Cost of accessing White Rock business projects is disproportionately higher than larger cities

Cost of accessing White Rock business projects is disproportionately higher than larger cities

Reduce the red tape for business

If Surrey charges $230 for their non-resident licence for access to do business with 500,000 people, White Rock should be charging $9.20.

An open letter to White Rock mayor and council.

For what it’s worth, I have a complaint and suggestion.

My father-in-law is a contractor who works out of Port Coquitlam and he successfully bid on a small renovation job in White Rock – under $2,000. During work, he was met by the local bylaw officer who presented him with a $75 fine for not having a business licence with the city. Fair enough, he should have been fined.

The trouble is, while he does work all across Greater Vancouver, his principal place of business is Port Coquitlam, where another business license is issued.

I cannot excuse him for not having a non-resident business licence for White Rock. He has one for the City of Surrey and for other larger municipalities, which costs around $230 annually, about the same as White Rock.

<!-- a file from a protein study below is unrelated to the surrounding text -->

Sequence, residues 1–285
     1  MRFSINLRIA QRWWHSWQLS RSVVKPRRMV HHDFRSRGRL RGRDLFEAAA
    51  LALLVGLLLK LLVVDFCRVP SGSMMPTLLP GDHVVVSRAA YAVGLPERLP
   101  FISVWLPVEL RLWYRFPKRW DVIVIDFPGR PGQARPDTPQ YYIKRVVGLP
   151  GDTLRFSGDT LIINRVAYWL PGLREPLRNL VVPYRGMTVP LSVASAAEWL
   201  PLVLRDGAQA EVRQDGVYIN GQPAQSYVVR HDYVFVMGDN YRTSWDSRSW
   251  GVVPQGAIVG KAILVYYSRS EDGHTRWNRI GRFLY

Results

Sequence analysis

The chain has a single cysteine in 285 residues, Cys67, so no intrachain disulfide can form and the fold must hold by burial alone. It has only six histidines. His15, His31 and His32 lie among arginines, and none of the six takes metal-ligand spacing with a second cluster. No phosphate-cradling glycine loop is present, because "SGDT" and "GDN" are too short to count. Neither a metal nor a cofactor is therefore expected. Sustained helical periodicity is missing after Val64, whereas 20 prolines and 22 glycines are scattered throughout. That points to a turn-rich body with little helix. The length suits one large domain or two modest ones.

Here’s the problem. With only 20,000 residents in White Rock – versus nearly 500,000 in Surrey, 600,000 in Vancouver, 250,000 in Burnaby and so on – many companies simply don’t get licences or refuse to do business in White Rock because of this sort of red tape.

If Surrey charges $230 for their non-resident licence for access to do business with 500,000 people, White Rock should be charging $9.20, on a per capita basis.

That type of suggestion is untenable, as the cost to administer a license is likely greater than that fee. However, with so many companies and contractors acting within Metro Vancouver, perhaps the region as a whole should look at streamlining the licensing process.

Each municipality has different fee structures, different classifications and different policies. All of the time and money associated with getting licences is downloaded to the consumers. Each one of us pays more to maintain this bureaucracy and warrantless red tape every time we employ a business to render goods or services.

How much money does the city receive as revenue from the issuance of these permits, less administration?

I imagine a centralized business licensing office would reduce the administrative costs, and in turn free up staff to process other inquires quicker and more efficiently.

Further, if red tape is reduced and firms could enter any municipality in the region by paying a single fee, consumers would see more competition and lower costs.

It would be great if White Rock could spearhead the streamlining of business licensing across the region. It would be a feather in the cap of the mayor and council.

Graham Wood, White Rock